Thoughts on the Needle Exchange Program
By T.C. Fontaine
September 15, 1999
The Needle Exchange Program is an issue that our local community has been dealing with for some time. With only four facilities available in Massachusetts it is hard to believe that the program has enough support. Most proponents believe that these programs are crucial to stopping the spread of disease among the drug-using population. Those in opposition, share views from it increases actual drug usage in the population, to the addicts sell them on the streets in exchange for more drugs.
Opponents have been accused of not getting the fact that the availability of clean needles prevents disease. I would think that perhaps it is not that they don't get it; it's that they don't buy it or they don't care. These programs and the people behind them are in essence validating illegal behavior.
When we set up laws, they should be enforced and there needs to be a consequence for breaking them. The absence of law enforcement means anarchy and disorder. The Needle Exchange Program is basically saying that the views and laws toward drug use are wrong.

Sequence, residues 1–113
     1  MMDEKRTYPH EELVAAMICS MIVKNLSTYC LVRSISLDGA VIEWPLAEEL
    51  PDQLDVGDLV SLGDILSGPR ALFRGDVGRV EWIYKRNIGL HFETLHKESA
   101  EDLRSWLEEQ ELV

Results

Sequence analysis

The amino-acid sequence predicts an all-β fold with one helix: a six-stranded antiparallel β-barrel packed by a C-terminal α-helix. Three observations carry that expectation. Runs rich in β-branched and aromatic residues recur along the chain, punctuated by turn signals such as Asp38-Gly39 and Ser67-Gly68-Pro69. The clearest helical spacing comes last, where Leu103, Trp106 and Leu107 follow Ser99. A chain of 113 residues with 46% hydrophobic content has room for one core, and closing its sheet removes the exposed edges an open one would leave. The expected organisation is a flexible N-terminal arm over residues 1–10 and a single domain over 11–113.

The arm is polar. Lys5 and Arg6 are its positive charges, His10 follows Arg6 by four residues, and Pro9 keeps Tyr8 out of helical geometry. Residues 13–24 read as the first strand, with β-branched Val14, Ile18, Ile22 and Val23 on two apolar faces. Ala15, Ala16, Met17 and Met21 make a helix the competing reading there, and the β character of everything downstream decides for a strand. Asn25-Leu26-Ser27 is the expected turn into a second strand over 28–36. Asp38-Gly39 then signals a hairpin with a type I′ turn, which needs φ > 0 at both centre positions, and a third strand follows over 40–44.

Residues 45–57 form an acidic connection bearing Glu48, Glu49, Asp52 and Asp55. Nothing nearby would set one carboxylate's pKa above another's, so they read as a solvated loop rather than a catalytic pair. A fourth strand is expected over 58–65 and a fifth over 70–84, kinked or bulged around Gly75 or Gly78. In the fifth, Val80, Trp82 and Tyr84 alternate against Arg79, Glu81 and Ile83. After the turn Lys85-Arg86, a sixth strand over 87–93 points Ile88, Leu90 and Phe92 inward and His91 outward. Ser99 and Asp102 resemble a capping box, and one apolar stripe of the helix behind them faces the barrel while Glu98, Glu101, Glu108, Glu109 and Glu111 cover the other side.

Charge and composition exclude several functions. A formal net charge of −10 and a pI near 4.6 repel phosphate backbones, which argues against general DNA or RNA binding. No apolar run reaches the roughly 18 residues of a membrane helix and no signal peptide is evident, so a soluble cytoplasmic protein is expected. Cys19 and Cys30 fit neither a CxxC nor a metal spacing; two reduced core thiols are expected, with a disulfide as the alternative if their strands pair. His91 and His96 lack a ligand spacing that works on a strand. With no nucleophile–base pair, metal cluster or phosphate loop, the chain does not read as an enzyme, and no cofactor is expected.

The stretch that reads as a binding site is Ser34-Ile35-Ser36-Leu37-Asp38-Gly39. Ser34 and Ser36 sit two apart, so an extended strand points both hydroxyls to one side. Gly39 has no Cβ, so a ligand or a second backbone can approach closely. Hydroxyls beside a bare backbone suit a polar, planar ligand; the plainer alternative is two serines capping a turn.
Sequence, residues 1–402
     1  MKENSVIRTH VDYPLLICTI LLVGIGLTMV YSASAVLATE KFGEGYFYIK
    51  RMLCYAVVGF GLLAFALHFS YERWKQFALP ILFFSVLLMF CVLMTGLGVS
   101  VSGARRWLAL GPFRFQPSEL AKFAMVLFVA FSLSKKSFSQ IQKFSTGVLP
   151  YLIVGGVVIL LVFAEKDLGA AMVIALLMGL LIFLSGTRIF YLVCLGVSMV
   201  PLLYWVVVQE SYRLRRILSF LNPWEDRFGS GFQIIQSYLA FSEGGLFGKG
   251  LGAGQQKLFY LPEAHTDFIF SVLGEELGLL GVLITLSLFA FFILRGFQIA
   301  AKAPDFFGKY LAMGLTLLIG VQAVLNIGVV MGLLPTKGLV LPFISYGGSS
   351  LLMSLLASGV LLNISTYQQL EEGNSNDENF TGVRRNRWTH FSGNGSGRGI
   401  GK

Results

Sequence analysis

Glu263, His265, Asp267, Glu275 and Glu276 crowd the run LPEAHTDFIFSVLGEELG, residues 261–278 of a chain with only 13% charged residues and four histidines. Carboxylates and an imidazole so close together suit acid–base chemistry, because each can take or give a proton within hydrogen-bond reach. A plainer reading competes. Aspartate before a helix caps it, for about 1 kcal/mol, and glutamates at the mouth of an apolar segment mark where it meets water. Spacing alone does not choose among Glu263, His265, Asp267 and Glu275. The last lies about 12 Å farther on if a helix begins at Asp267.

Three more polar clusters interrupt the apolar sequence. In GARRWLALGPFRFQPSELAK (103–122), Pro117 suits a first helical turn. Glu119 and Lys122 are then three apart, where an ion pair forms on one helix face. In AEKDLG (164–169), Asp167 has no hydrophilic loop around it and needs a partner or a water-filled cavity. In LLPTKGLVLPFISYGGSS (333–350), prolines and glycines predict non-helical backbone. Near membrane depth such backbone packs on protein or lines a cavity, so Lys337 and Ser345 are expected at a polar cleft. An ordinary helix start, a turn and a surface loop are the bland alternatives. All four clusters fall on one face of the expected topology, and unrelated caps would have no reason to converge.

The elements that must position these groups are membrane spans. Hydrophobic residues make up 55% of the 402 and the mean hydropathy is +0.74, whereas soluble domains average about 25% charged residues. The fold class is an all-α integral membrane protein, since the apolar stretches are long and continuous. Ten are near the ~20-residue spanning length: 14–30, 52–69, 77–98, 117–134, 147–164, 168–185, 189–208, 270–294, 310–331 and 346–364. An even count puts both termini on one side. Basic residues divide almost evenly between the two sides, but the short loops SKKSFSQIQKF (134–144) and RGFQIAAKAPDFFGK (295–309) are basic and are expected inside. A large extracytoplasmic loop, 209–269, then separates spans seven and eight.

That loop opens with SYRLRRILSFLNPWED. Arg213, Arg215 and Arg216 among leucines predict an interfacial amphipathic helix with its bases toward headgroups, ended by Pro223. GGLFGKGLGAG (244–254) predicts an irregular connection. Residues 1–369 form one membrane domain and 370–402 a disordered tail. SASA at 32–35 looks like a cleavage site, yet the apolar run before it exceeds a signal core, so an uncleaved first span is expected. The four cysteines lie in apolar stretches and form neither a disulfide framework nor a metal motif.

If I am a police officer, why should I set up a drug bust and risk getting killed, when in the next community, a bunch of people are handing out needles to addicts! Better yet, why can't I just set up shop in front of the Needle Exchange building and arrest everybody in possession of illegal drugs while I'm there.
How do we justify this program to our children? Doing drugs is either illegal or not. Right or wrong. We spend money in our communities to run D.A.R.E. programs and then dismantle them in one swoop.
Whether you support or oppose the Needle Exchange Program, it must be noted that the contradictory nature of it and the promotion of illegal activity are this program's largest obstacles in society. What comes next - handing out guns to gang members?
This article copyright © 1999 T.C. Fontaine and may not be reproduced in any form without the express written consent of its author. All rights reserved.